Occupation: Astrophysicist & Ethno-astronomer
Year born: 1973
Research Areas: Variable Stars
"When I was growing up and developing my own love of astronomy, all the books I found were about European scientists and European achievements, and since I didn’t see myself in those books, I began to wonder whether it’s true that our people are simply not capable of becoming scientists. Well, that’s a big fat lie, of course."
Source: The Christian Science Monitor
Thebe was born in a rural village in north-west South Africa. He spent his childhood playing outside and sitting by the fire listening to his grandparents tell stories. Thebe went to school in the city of Mmabatho where he became interested in science. He saw Halley’s comet when he was 13 and this inspired him to build his own telescope. He learned how to make a telescope using household items from a book in his local library. Thebe used his telescope to observe the Moon and saw its craters, mountains and plains.
Thebe studied hard at science and maths at school. His hard work won him a trip to the UK to visit scientific institutions there, like the Greenwich Observatory. After school, he received a scholarship to study at the University of Cape Town. There, Thebe completed an undergraduate degree in physics along with a masters and PhD in astrophysics.
After his PhD, Thebe stayed at the University of Cape Town as a research fellow. He is a researcher at the South African Astronomical Observatory and teaches at North West University, South Africa.
Thebe studied variable stars with strong magnetic fields. Variable stars give out different amounts of light over time. The light changes because of seismic waves inside the stars. Thebe used the seismic waves to learn about what the stars are made from. Thebe used telescopes all over the world to avoid gaps in the data due to daytime skies.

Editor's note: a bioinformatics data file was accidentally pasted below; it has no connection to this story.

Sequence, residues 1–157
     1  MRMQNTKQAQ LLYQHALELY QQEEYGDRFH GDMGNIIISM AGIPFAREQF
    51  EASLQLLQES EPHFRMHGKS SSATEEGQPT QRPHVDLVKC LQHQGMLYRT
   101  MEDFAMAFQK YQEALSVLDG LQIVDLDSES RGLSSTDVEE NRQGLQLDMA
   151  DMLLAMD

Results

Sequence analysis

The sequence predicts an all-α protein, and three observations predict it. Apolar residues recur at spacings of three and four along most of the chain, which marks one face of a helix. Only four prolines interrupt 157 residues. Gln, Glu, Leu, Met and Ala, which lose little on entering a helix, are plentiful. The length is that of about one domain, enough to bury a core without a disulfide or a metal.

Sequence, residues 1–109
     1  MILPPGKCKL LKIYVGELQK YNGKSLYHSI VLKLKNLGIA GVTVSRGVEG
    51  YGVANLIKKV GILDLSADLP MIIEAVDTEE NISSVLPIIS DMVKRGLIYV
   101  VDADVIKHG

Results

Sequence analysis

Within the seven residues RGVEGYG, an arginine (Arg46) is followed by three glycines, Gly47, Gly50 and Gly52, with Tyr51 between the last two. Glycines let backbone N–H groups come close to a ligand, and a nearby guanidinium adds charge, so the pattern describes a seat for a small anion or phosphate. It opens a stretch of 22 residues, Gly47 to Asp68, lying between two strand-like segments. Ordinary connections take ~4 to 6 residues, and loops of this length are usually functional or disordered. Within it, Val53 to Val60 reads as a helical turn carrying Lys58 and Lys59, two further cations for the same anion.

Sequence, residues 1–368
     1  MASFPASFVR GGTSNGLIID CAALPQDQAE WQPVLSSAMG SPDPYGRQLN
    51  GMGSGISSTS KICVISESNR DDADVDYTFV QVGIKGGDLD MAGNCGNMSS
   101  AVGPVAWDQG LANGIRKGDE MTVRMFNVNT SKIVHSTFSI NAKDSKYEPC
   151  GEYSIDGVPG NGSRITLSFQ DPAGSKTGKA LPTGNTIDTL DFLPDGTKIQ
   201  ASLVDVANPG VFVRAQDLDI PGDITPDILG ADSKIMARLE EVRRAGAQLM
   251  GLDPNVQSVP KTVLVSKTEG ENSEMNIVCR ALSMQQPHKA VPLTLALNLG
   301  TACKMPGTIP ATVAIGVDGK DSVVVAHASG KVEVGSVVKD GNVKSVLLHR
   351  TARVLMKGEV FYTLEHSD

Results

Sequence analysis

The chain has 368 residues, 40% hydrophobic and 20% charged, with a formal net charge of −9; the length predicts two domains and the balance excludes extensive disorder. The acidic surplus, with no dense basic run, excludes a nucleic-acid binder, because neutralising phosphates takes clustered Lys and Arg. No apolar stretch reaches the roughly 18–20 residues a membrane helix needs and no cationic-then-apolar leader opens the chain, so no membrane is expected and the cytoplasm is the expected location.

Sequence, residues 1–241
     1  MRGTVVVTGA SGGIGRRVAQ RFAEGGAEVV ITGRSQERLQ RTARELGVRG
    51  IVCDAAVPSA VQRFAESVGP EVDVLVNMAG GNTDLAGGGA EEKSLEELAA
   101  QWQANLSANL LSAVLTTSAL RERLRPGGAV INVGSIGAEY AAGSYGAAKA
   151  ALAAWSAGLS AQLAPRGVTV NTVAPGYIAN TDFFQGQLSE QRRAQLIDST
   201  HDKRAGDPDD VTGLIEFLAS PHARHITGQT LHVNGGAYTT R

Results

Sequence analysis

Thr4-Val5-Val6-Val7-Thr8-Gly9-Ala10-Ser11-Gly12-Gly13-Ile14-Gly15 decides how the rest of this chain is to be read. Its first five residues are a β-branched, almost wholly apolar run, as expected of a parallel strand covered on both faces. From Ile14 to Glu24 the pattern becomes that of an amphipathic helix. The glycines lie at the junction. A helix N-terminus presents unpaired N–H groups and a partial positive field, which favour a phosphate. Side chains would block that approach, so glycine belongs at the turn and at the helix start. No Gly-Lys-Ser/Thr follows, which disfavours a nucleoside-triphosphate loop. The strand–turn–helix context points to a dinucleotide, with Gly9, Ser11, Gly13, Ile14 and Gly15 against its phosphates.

Thebe is interested in what different cultures and societies know about astronomy and how they use that knowledge. Thebe has published books on this topic of ‘ethno-astronomy’. Thebe worked with filmmakers to create Cosmic Africa. For this film, Thebe visited people across Africa to learn about astronomy in their cultures. This film showcases the achievements and traditions of Africa. It also celebrates Africa's input to our knowledge of the cosmos. Thebe has also written books on the topic.
Thebe is one of South Africa’s first black astronomers. Thebe supports young people in South Africa to work in or study science and technology if they choose to. Thebe teachers on the National Astrophysics and Space Science Programme at the Uni of Cape Town. This aims to increase the number of people with a masters or PhD in astrophysics in South Africa.
Thebe is interested in the history of science in Africa. He is working on a project to search for references to science and astronomy in ancient manuscripts from Timbuktu. The project hopes to find out what scientific research was being carried out in Timbuktu over 400 years ago.